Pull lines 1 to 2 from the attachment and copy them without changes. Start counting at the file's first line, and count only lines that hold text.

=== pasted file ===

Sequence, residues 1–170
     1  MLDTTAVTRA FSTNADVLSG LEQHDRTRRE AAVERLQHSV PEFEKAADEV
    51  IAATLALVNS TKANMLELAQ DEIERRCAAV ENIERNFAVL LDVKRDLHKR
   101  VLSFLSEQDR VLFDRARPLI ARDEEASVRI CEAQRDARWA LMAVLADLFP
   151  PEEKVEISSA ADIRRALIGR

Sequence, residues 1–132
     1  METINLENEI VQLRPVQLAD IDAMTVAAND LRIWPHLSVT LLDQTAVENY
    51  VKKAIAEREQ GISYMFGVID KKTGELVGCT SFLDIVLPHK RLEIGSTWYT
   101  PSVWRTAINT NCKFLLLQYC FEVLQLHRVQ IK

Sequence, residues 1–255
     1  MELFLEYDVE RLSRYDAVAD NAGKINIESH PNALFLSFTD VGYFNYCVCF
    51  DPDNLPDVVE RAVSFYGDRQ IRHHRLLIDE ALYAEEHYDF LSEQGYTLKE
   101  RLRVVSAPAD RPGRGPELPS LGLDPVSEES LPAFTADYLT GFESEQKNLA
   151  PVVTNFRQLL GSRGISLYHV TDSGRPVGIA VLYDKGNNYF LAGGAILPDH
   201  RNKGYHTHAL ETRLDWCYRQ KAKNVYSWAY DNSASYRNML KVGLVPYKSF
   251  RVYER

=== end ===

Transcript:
Sequence, residues 1–170
     1  MLDTTAVTRA FSTNADVLSG LEQHDRTRRE AAVERLQHSV PEFEKAADEV